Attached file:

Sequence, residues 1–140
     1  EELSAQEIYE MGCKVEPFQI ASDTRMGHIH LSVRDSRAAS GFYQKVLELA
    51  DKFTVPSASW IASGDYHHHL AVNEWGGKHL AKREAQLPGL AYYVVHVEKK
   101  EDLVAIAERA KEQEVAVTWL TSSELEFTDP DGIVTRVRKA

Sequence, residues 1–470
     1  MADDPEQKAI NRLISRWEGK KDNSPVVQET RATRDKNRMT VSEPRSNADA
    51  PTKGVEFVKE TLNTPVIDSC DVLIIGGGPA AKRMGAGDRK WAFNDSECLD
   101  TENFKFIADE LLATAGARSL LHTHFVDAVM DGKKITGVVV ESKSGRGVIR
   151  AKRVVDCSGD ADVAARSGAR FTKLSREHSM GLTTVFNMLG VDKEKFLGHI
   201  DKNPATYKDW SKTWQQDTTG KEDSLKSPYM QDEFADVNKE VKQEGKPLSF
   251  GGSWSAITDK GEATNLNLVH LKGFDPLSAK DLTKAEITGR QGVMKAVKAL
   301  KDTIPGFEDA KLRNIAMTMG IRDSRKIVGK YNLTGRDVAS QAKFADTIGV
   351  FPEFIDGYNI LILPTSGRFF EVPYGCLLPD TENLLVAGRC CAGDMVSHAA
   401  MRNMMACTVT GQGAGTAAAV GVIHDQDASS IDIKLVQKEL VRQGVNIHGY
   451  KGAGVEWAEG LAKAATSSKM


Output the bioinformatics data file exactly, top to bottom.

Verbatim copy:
Sequence, residues 1–140
     1  EELSAQEIYE MGCKVEPFQI ASDTRMGHIH LSVRDSRAAS GFYQKVLELA
    51  DKFTVPSASW IASGDYHHHL AVNEWGGKHL AKREAQLPGL AYYVVHVEKK
   101  EDLVAIAERA KEQEVAVTWL TSSELEFTDP DGIVTRVRKA

Sequence, residues 1–470
     1  MADDPEQKAI NRLISRWEGK KDNSPVVQET RATRDKNRMT VSEPRSNADA
    51  PTKGVEFVKE TLNTPVIDSC DVLIIGGGPA AKRMGAGDRK WAFNDSECLD
   101  TENFKFIADE LLATAGARSL LHTHFVDAVM DGKKITGVVV ESKSGRGVIR
   151  AKRVVDCSGD ADVAARSGAR FTKLSREHSM GLTTVFNMLG VDKEKFLGHI
   201  DKNPATYKDW SKTWQQDTTG KEDSLKSPYM QDEFADVNKE VKQEGKPLSF
   251  GGSWSAITDK GEATNLNLVH LKGFDPLSAK DLTKAEITGR QGVMKAVKAL
   301  KDTIPGFEDA KLRNIAMTMG IRDSRKIVGK YNLTGRDVAS QAKFADTIGV
   351  FPEFIDGYNI LILPTSGRFF EVPYGCLLPD TENLLVAGRC CAGDMVSHAA
   401  MRNMMACTVT GQGAGTAAAV GVIHDQDASS IDIKLVQKEL VRQGVNIHGY
   451  KGAGVEWAEG LAKAATSSKM